GBA: Past, Present, Future
By James S. Davis
No other architectural firm in Texas have seen history unfold industry changes like GBA. Our founders Raymond Phelps and Dahl Dewees, two men spared by the world-wide “Spanish Flu” pandemic of 1918/1919, and the ravages of WW1, managed to establish the company during a time of seemingly insurmountable adversity.
Those early days were marked by gentlemen, Texans by birth, hand lettering and drawing with pencil on paper and linen. Technological changes in the earliest day were slow and measured. It took decades for Inking pens to be replaced by rapidographs and for paper and linen to give way to mylar. Not until nearly 60 years after our founding did pin-register and sepia prints develop as ways to eliminate having to draw multiple background sheets. About the same time advancements in electrostatic printing developed which allowed for standardized details to be printed and applied to sheets. At the time no one realized that the concept and acceptance of “standardization” in detailing would be essential in the next generation of technological advancement. Each change, small as it was, built upon the previous technology but with hand drawing two-dimensional representations of the building still being the primary process.
In 1980’s the seed of the computer assistance was planted and within a matter of a few years hand drawing began to give way to computer assisted drafting “CAD”. Garza/Bomberger & Associates brought this technology into production with one of the first CAD systems in Central Texas. Still experimental at best, GBA successfully first utilized the system for the Santa Rosa Hospital in the San Antonio Medical Center. To illustrate how much just the equipment utilized has changed, that first Calcomp workstation was roughly 36” wide, deep and tall; and weighed no less than 200 pounds. The controls for the workstation were very much like a game system joystick, the file system was proprietary, and no sharing of files was possible making a 1 hour wait to print each check sheet a reality. At about the same time firm introduced Word Processing into the office. The cutting-edge proprietary WANG system was only slightly smaller and lighter than the CAD system and utilized the same 12” Floppy Disks.
Shortly thereafter the PC, DOS, MSWord and first Microstation and later AutoCad began their advancement to become the industry standards for documentation, design and production, and by the mid-90’s all hand drafting and typewriter use had ceased in the office. Those standard details from decades earlier now found themselves resident on a central file server where they became building blocks or beginning concepts for countless projects. For Garza/Bomberger & Associates, well ahead of many of our competitors, the entry into the Digital Age had been completed and a new professional era had begun.
The first decade of the Digital Age would be those of hardware advancement, and the refinement of software; but technology was now moving at a pace not imaginable in 1919. The next big leap occurred in 2000 when Revit three-dimensional modeling was rolled out bringing the industry into its third era; the era of Building Information Modeling (BIM). From that point onward, the architect’s product ceased to be a two-dimensional representation and entered the realm of full three-dimensional design and documentation. As the concept progresses, fueled by industry standards for digital communication, the distribution and utilization of plans began to migrate away from paper to a pure digital form; a process still progressing to this date with concepts such as Virtual Reality soon to be as common as T-Square was in 1919.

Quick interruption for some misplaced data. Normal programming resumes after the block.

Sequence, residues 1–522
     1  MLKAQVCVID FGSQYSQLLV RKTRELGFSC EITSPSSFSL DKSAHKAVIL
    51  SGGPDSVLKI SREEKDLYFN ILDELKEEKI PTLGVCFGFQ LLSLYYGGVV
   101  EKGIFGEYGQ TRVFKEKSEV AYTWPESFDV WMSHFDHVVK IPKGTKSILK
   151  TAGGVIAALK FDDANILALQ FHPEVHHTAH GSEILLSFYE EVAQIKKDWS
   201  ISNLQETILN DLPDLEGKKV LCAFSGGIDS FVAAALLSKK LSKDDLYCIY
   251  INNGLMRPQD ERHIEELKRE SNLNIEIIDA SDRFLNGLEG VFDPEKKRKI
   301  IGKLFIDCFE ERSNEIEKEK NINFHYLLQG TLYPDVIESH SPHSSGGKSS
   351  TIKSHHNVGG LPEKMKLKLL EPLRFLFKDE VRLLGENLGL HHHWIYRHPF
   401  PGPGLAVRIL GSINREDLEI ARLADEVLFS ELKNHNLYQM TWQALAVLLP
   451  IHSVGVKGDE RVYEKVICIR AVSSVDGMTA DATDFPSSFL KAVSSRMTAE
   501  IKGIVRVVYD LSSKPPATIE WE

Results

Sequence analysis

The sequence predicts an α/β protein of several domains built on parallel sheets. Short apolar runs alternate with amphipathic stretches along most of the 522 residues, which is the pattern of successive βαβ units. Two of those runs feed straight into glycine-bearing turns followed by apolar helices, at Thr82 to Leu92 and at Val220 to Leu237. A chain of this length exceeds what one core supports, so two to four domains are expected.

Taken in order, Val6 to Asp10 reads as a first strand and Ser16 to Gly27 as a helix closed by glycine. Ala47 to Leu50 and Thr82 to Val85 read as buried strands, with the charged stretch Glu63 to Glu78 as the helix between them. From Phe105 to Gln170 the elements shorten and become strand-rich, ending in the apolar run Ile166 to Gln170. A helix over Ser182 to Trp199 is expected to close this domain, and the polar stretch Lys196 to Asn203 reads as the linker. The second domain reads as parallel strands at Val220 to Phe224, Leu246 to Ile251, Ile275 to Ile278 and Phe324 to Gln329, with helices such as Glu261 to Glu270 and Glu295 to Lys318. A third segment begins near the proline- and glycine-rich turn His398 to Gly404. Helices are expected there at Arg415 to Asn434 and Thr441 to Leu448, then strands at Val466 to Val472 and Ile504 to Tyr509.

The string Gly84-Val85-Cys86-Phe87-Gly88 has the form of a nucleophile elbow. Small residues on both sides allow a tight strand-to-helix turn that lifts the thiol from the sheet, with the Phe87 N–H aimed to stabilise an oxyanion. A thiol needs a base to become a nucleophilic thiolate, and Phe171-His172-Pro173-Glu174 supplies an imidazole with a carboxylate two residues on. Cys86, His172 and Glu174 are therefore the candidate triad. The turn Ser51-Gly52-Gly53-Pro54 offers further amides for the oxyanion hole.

With the advent of improved distance communication, compatible work platforms, operating systems and file protocols, “work-at-home” and digital collaboration between offices began to find a footing which progressed methodically and cautiously until early 2020 when COVID-19 changed the landscape more rapidly and more surely than any event in the previous 101 year history of the firm.
Today's Garza/Bomberger & Associates is no longer an association of Texas Gentlemen in a downtown office. The Firm now 50% female and more than 25% immigrant and first-generation Americans conducting most of its function from work-at-home offices. Through advancements in the last ten years in video conferencing, data standardization, cloud storage and high-speed internet; project meetings, bid openings, design meetings and collaboration once confined to the conference room continue on uninterrupted. As before COVID-19, deadlines are met, obligations are fulfilled, and our product continues to be seen as unmatched in value and quality.
This new reality is every bit the same sort of experiment that took place in each of the previous transitions of the profession. Lessons will be learned, and technology will advance to meet unexpected needs. Where this will eventually lead the profession is as well known to us today as the concept of three-dimensional modeling was to our founders. What is certain is that, as in the past 101 years, Garza/Bomberger & Associates will rise to the occasion, capture that which is best and incorporate it into the future.